I think roses aren’t always red.
I think violets are sometimes indigo.
I like bacon.
And Poetry is hard.
Especially during allergy season.
What do you think?
In the past few posts, we’ve explored the depths of poetic fears and even the occasional cloaked hatred of poetry. We’ve also discussed some strategies for dealing with those issues which included talk therapy and a type of systematic desensitization.
Today, let’s explore some reasons we like poetry or dare I say, love poetry? What lures us to this word-art form?
According to the data collected from an esteemed selective demographic—my own group of WordSmith Studio poets, reasons vary poet-to-poet.
And they span the entire spectrum from: “It’s the one that gives me the most room to play.”(thank you, Khara House) to compelling altruistic reasons.
The poll results indicate:
For four of us, however, poetry presents us with a new perspective on life and I’m going to go out on a limb and suggest that for the others, this is true, too.
I’m going to camp on this last one for the rest of this post because it deserves some attention.
Didn’t your mama tell you not to stand on the furniture?
Remember in Dead Poets Society when John Keating (Robin Williams) instructs his students to stand on the school desk as a reminder to look at the world in a different way? He tells them “just when you think you know something, you have to look at it in another way.”
He gave them permission to climb on top of the desk. Some readily did, some were reluctant. For all it was transforming.
A few years ago, I adopted the motto Tertuim Quid.
Definition from the On-line Etymology Dictionary:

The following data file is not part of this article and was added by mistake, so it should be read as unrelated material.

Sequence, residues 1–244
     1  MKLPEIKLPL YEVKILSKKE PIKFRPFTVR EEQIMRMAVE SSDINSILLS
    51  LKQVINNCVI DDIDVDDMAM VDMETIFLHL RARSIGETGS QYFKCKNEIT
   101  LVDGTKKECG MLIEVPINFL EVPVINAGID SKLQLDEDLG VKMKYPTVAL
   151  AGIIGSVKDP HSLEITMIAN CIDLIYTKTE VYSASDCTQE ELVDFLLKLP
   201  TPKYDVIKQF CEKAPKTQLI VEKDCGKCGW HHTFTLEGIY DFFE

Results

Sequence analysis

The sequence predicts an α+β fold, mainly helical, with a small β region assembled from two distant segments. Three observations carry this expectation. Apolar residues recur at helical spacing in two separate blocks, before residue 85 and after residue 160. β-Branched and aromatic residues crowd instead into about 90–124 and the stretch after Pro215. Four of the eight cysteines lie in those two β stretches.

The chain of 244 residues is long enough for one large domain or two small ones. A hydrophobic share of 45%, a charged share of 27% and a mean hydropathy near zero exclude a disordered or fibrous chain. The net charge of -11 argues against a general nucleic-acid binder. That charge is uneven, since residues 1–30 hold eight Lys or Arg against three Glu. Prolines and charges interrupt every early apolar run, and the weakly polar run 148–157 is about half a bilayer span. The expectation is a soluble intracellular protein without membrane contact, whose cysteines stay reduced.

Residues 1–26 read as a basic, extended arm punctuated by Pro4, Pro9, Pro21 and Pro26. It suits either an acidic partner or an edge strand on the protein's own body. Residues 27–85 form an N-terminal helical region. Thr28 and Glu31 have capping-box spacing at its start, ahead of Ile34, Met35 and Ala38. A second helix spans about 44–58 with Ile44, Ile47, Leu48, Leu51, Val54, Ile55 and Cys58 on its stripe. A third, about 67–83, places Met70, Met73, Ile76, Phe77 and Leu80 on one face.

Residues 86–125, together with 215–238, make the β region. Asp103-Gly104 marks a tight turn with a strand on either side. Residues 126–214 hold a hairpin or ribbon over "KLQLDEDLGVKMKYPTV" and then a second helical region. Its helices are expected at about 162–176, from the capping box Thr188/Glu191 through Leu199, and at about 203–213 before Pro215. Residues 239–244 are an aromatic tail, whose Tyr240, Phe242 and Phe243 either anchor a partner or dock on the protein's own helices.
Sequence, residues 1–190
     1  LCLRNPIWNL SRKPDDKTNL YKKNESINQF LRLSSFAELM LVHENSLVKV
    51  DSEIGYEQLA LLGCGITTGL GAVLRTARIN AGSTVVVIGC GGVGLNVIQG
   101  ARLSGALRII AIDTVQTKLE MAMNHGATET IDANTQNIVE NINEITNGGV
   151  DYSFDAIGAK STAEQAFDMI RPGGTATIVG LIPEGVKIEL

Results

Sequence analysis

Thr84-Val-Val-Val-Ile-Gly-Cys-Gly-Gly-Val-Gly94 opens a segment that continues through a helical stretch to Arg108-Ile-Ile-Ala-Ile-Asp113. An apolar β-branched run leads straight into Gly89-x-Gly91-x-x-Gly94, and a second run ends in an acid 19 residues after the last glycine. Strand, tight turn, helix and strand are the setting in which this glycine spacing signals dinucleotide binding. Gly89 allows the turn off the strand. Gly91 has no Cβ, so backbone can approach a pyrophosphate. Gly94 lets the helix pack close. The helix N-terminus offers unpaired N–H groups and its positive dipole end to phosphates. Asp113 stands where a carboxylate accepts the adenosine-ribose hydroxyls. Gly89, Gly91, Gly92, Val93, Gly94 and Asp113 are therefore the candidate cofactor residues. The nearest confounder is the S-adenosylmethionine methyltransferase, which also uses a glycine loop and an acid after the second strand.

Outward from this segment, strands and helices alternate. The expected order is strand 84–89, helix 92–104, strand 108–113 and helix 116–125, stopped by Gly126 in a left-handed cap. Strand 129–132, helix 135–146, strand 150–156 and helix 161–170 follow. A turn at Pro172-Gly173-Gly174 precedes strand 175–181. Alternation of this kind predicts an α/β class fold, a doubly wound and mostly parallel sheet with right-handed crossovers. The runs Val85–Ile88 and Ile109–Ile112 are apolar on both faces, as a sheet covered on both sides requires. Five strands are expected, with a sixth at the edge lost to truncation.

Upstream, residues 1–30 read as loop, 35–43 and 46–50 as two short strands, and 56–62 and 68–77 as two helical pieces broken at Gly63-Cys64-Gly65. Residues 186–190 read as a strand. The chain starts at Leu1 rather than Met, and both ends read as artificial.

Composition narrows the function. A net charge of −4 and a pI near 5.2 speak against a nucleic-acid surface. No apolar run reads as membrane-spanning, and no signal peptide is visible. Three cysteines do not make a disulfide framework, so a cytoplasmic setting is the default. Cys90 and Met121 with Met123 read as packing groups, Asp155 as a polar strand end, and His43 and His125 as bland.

“Tertuim Quid: 1724, Latin, literally “third something,” loan-translation of Greek triton ti (Plato), used in alchemy for ‘unidentified element present in a combination of two known ones.’”
Okay, that makes no sense.
Here’s a better definition from the Free Dictionary:
1. Something related in some way to two things, but distinct from both; something intermediate between two things.
I confess to not being the brightest jellybean in the bowl, so I brought this down a notch.
Tertuim Quid: the third thing, the other thing.
Here’s how it works in my mind:
Tertuim Quid is that defining moment when I begin to perceive a point-of-view that is different from my preconceived thoughts, something I hadn’t previously conceived or cognitively entertained.
This third thing, thus, also assists me in becoming more empathetic . It encourages creative thinking. It encourages expression of feelings in that we can feel safe to write vulnerably if our readers are thinking tertuim quid (Yes, I just verbed tertuim quid)
In other words, if they, too are standing on their desks.
Metaphorically speaking, of course.
(Unlike drama, I’m not going to encourage you to break a leg.)
One last thought:
Agreement is not the end-all and purpose of a poem.
Keating goes to to tell his students, “We read and write poetry because we are members of the human race. And the human race is filled with passion. . . poetry, beauty, romance, love, these are what we stay alive for.”